Vertical functionality can hold you back

What happens when the ERP vendor updates its system? You’d have to wait for your integration specialist to come back and customise your software, taking the changes to the out-of-the-box package into account.

In the business world, where you have to be one step ahead, this time lag could hinder your progress—and cost you dear. A setup like this takes a long time to get moving, just as long as it took the Titanic to try to swerve out of that iceberg’s path—and we all know what happened to the Titanic.

To sum up, a generic ERP solution with vertical functionality has its limits and they are quite a lot like those for a specifically developed solution designed just for you.


Read also: This is classic! Why doesn't your ERP manage it as standard?

The benefits of an industry-specific ERP solution

Problem-free migration for the whole company

Specialised ERP solutions are completely different. By definition, these tools were specifically made for your industry, from the initial design to the very last detail. Designed with your industry and industry-specific functionalities in mind, this type of management software automatically incorporates all of the critical parameters, without needing any add-ons that could bog down the system.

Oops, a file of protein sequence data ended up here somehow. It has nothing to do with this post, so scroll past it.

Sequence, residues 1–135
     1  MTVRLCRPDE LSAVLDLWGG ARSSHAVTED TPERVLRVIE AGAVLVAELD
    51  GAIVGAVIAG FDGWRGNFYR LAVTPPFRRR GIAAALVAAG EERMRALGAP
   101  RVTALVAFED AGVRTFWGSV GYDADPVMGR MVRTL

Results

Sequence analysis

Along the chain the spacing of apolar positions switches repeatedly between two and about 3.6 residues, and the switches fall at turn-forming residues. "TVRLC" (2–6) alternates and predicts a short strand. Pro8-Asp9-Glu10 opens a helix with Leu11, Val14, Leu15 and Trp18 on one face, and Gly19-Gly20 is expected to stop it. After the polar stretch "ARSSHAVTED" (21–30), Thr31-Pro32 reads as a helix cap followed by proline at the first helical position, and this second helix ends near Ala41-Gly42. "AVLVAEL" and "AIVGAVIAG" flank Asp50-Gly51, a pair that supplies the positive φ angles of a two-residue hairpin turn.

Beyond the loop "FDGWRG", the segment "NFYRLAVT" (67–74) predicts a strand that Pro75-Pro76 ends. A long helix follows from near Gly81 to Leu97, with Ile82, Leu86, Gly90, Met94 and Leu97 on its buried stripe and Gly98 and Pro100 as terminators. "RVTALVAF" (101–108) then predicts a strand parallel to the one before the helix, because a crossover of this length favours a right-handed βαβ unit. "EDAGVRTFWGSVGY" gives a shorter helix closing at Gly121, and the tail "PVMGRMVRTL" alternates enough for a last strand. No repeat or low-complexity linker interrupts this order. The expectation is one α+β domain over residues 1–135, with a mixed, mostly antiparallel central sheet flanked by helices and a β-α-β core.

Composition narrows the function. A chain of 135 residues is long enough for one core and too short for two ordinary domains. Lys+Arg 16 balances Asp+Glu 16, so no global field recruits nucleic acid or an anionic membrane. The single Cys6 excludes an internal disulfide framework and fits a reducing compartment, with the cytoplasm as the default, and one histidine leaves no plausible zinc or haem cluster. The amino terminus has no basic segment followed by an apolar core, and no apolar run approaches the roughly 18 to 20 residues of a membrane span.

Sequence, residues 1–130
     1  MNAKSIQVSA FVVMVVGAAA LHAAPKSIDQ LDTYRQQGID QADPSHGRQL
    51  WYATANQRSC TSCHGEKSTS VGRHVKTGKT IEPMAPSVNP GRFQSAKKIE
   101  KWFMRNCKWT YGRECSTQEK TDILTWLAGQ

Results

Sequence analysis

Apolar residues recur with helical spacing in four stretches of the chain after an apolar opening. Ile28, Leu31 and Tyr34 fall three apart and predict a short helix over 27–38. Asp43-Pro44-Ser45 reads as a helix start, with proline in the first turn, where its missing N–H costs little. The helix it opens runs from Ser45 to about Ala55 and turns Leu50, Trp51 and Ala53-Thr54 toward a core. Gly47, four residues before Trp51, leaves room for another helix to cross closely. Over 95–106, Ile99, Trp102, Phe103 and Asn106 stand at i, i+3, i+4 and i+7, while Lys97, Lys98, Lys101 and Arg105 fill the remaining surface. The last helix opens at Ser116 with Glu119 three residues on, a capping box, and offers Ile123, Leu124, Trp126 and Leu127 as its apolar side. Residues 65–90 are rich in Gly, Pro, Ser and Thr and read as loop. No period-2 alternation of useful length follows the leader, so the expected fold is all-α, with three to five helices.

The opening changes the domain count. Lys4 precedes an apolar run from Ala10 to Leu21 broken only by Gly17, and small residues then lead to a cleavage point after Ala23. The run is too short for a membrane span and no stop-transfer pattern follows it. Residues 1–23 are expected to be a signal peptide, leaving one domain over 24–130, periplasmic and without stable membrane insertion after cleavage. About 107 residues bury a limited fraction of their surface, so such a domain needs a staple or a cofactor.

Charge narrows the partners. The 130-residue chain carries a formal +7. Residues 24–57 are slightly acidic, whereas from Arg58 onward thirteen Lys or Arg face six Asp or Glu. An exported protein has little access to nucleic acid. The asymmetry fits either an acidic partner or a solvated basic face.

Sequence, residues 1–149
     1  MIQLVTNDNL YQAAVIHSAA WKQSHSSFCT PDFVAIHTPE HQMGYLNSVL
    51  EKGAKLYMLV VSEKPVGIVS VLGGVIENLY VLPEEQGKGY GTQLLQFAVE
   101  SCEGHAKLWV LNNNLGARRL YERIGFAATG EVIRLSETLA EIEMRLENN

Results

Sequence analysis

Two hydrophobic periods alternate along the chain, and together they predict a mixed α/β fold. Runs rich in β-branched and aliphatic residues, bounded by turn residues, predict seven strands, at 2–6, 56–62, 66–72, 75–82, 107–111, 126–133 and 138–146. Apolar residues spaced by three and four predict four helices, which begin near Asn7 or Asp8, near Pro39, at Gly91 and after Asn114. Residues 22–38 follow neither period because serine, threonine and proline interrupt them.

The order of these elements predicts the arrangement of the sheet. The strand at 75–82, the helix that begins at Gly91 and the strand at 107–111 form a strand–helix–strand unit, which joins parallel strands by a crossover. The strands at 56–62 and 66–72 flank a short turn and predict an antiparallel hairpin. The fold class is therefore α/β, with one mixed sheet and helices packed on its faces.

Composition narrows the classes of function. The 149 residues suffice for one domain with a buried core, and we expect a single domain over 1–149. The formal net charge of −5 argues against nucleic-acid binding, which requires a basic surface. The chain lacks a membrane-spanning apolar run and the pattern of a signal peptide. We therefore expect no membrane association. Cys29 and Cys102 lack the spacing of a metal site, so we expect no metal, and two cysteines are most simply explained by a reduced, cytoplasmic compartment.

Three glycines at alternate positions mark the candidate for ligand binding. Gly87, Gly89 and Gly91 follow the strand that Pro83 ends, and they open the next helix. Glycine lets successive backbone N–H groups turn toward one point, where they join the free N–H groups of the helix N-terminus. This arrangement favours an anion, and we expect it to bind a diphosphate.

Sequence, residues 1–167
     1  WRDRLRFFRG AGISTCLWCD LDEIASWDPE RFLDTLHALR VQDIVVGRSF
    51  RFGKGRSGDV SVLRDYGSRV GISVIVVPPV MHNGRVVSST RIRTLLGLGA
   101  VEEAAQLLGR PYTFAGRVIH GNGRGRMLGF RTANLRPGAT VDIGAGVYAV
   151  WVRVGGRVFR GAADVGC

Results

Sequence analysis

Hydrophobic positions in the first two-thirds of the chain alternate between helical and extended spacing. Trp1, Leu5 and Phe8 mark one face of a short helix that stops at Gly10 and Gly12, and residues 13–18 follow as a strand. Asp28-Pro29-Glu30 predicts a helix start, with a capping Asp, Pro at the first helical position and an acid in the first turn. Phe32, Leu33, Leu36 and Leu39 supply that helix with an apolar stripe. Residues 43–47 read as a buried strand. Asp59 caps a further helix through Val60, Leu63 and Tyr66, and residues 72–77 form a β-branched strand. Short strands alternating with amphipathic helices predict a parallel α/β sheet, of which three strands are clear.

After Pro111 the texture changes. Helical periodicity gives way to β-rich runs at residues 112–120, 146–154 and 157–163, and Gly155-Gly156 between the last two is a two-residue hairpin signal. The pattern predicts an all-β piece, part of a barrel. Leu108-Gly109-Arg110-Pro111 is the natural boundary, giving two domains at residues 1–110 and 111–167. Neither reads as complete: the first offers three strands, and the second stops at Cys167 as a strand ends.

The main advantage of using specialist software is that your company will immediately feel at ease with an integrated solution. After all, it’ll be far better suited to your needs than a generic solution with some add-ons. And it’ll cater to your whole company, from operations to management. And this is essential because users often end up rejecting an out-of-the-box package that an integration specialist has endlessly customised. They’re often simply too complicated and too tricky to use.

If an ERP solution is going to bed in at a company, staff have to want to use it.

Industry-specific ERP solutions: updates for everyone

Of course, you can still customise an industry-specific ERP solution. The aim isn’t just to adapt it to your specific needs at a given time; it’s to be sure you’ll be able to develop it in line with the changes of your company’s workflows and processes. So, while industry-specific management software is less of a one-size-fits-all solution than its generic cousin, it does offer significant room for manoeuvre when it comes to development.